Think about this. HMRC has a long history of using aggregated data for the purpose of spotting anomalies in accounts that are submitted to it for the purposes of tax investigations (audits.) Should professionals and their clients be at a disadvantage by NOT having their own datasets? And all of that before we consider the business value of information for improving performance.
As always, we shall see how this plays out but in the meantime, it is good to see QuickBooks putting this type of service into the hands of professionals.
During the day, I asked random professionals why they were either using or considering QuickBooks. The answers were varied but they fell into several buckets:
- Professionals with long experience of QuickBooks who are satisfied with the brand and what the vendor is offering.
- Professionals that are responding to client pressure to reign in accounting fees.
- Professionals with technical knowledge who have checked out the other vendors in the accounting market and have decided that QuickBooks product and roadmap provides them with an advantage they can use in their developing business models.
None of those I spoke with were considering QuickBooks for practice management purposes, preferring to stick with their existing solutions such as CCH or IRIS. Not that it stopped them complaining about the cost of those solutions.
I also asked practitioners how they felt about QuickBooks integration with Taxfiler, a UK, cloud-based tax return and filing system for sole traders, partnerships and small limited companies. The QuickBooks/Taxfiler integration is seamless in the sense that there is a single screen experience.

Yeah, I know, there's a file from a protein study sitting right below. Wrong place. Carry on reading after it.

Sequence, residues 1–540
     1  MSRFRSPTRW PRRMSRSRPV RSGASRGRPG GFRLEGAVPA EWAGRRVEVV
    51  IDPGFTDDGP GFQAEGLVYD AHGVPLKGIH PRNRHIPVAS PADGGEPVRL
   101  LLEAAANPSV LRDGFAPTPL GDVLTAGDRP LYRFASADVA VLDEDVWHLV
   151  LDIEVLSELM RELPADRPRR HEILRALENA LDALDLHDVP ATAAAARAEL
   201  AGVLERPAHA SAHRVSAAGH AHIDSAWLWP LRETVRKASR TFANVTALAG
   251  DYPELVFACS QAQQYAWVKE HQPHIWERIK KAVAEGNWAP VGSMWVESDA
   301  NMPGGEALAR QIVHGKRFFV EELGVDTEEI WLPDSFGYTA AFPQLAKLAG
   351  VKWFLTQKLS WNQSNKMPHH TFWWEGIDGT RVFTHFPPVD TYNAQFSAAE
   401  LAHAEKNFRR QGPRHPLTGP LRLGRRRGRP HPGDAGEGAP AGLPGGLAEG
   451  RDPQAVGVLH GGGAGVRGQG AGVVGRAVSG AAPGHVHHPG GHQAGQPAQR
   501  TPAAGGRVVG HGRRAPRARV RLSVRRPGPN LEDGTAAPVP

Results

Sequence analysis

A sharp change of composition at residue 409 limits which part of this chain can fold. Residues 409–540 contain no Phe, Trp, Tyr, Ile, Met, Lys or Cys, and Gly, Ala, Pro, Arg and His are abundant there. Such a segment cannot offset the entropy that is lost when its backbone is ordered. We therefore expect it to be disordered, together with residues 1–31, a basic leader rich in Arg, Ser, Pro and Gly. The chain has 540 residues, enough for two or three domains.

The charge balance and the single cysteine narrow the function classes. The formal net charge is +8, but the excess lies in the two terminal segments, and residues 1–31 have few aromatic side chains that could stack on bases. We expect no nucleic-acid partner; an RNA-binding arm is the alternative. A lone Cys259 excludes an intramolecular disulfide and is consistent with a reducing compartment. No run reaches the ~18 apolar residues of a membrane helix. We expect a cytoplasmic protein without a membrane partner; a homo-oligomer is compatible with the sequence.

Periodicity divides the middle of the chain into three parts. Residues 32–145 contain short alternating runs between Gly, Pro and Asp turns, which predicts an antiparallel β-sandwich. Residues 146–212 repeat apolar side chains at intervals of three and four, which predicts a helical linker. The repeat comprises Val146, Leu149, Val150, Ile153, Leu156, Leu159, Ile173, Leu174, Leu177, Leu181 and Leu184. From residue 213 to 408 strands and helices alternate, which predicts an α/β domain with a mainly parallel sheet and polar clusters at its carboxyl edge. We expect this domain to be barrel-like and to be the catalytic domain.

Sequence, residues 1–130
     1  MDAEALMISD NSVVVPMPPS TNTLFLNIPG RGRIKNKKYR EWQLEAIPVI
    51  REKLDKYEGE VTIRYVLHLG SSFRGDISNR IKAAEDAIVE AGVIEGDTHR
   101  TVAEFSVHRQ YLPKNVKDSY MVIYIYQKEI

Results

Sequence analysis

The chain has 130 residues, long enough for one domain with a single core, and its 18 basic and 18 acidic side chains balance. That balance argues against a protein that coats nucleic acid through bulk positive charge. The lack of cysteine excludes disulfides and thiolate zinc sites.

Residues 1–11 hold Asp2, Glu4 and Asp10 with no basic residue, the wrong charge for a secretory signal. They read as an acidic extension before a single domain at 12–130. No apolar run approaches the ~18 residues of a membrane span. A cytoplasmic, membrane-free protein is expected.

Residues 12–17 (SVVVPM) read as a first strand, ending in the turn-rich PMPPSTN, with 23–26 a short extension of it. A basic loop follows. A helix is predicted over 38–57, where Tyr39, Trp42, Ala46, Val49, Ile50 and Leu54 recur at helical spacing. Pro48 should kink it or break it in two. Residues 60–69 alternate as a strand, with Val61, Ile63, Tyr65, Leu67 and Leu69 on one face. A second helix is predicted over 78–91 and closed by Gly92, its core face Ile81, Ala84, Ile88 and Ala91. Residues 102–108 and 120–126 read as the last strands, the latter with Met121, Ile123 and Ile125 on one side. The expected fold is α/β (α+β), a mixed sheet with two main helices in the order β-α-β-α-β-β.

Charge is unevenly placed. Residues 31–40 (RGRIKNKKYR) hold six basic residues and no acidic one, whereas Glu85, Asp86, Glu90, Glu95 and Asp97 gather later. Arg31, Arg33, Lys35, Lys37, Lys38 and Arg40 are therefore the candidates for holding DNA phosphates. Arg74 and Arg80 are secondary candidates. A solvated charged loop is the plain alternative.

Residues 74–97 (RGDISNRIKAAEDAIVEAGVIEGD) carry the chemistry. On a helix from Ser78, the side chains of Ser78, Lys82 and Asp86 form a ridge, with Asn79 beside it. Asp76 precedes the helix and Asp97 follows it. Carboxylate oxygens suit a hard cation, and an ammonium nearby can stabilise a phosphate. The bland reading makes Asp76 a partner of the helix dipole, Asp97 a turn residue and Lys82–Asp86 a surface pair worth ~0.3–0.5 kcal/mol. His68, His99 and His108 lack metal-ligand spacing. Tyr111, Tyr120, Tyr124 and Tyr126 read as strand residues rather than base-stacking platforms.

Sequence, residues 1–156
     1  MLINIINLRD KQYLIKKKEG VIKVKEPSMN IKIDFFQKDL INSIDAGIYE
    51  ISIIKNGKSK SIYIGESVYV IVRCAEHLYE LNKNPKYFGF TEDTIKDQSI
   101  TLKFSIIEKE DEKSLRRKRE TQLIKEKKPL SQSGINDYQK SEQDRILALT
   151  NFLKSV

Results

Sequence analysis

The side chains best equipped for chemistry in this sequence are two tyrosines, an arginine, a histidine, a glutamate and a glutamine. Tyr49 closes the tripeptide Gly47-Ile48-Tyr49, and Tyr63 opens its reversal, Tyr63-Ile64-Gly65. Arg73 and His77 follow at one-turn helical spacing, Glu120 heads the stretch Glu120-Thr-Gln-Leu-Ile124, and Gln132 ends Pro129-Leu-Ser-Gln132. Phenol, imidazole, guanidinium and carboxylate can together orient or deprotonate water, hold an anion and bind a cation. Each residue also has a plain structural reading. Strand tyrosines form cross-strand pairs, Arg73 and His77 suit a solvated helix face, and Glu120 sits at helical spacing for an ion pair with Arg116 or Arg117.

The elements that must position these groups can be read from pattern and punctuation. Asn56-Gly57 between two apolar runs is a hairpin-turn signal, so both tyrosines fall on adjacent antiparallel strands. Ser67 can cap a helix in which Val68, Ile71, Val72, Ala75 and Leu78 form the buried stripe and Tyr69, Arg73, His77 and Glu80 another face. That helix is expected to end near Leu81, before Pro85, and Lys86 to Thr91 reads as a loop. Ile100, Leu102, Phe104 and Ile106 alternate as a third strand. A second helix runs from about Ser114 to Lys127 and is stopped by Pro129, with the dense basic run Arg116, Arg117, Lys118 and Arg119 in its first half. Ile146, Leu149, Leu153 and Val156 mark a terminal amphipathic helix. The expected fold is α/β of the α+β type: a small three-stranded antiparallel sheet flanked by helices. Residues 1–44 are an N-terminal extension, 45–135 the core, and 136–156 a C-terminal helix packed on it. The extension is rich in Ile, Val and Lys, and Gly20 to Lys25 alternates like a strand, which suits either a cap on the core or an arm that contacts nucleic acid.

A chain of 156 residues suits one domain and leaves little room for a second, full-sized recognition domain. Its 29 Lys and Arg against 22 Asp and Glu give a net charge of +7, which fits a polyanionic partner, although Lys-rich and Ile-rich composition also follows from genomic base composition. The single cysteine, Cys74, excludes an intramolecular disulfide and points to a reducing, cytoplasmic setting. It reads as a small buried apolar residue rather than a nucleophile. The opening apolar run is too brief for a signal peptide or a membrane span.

In use, it doesn't look like you're punching out to another product. Most I spoke with see this as a step forward, a sentiment with which I agree because it allows QuickBooks to both modularize and commodify a large piece of the overall compliance regime at a time when the UK government is mandating online tax filing.
This time last year, I noted from a conversation with Preece who...
...argues that a combination of awareness raising through multi-channel advertising coupled with both fiscal incentives to professional accountants and a much improved product has led to a change in the perception of QuickBooks in the UK professional market. He also argues that having a clear pathway for customers along with both free bank feeds (rather than as a paid for add-on) and upsell opportunities for payroll and payments puts Intuit in a good position.
Today, Preece says that well-targeted advertising is doing the trick for the company with 160,000 customers in the UK. That must mean QuickBooks continues to burn cash in its UK cloud business but that is of less than concern than pushing for growth and capturing market share.
Based on what I saw today, QuickBooks UK continues to make good progress, delivering on what it promised last year while adding functionality that fits with the modern idiom. Tomorrow, we get to take the customer pulse and hear what they have to say.